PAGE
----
25th August 1917 Saturday

Heavy casualties for both sides in the battle for Langemarck

All material produced or reproduced here and throughout this work is the sole copyright of the author and the family of Doctor D.C.M. Page MC

“On the 25th August Capt. Riddell and I were sent forward to Burnt Farm to establish an Advanced Dressing Station there. It was a cemented cellar in a heap of bricks in an exposed position on the eastern slope of the ridge. Not a healthy spot at all. The Steenbecque River was in front of us and Iron Cross – another extra hot spot, which the enemy shelled continuously – behind.  I saw one of our aeroplanes have one of its wings blown off by one of our shells. Both aviators – young Canadians – were killed when the machine crashed close to us. The Engineers opened up an old enemy trench near us, and came across many dead Germans.”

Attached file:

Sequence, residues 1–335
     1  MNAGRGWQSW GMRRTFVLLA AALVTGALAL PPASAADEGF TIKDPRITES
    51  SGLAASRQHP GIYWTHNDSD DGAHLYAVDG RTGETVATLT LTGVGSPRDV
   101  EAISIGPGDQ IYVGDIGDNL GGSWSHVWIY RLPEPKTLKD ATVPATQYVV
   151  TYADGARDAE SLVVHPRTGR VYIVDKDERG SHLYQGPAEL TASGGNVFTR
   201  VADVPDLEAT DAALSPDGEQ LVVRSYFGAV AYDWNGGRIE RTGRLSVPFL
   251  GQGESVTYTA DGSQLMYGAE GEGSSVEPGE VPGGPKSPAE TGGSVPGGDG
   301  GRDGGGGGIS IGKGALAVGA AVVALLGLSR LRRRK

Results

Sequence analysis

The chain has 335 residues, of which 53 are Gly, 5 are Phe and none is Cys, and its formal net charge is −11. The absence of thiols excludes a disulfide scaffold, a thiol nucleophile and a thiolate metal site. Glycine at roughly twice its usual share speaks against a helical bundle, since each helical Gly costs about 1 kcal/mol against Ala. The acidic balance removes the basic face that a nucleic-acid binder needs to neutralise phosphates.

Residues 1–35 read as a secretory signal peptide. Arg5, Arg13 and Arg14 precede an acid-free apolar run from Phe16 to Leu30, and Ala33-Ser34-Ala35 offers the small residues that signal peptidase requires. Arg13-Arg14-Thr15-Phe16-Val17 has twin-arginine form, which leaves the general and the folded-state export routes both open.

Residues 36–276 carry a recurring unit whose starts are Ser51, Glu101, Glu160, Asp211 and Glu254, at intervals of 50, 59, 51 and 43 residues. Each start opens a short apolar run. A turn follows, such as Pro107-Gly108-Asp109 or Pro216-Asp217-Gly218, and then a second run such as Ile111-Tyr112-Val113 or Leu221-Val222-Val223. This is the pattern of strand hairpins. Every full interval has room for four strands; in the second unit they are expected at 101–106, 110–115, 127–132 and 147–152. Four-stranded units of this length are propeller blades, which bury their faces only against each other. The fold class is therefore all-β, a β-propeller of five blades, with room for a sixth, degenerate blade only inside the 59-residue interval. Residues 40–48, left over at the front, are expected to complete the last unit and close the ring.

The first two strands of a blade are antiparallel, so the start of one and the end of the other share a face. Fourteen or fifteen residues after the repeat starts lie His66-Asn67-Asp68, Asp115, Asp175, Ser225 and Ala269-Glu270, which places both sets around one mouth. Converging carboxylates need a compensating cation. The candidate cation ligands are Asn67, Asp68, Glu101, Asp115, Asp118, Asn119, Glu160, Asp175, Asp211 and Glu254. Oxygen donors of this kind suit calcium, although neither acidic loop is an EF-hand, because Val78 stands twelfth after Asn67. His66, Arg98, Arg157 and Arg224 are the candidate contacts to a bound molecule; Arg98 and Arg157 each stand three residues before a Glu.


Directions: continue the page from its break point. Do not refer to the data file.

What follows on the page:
A fortified concrete German Pill Box captured by the 38th Division near LANGEMARCKE. A ghastly spot scarred* by mud and shell-holes full of filthy water and the bloated stinking corpses of long dead Germans. *editor's interpretation

A fortified concrete German Pill Box captured by the 38th Division near LANGEMARCKE. A ghastly spot scarred* by mud and shell-holes full of filthy water and the bloated, stinking corpses of long dead Germans.
*editor’s interpretation

There were a number of so named Burnt Farms on the Western Front and there were two in the area around Ypres. This particular Burnt Farm was also known as the Cement House and is commemorated today with the Cement House Cemetery, maintained by the Commonwealth War Graves Commission.

Cement House Cemetery today ( Google S.V.)

Cement House Cemetery today ( Google S.V.)

Find out about our connection with Dr Page and an introduction to his diary here

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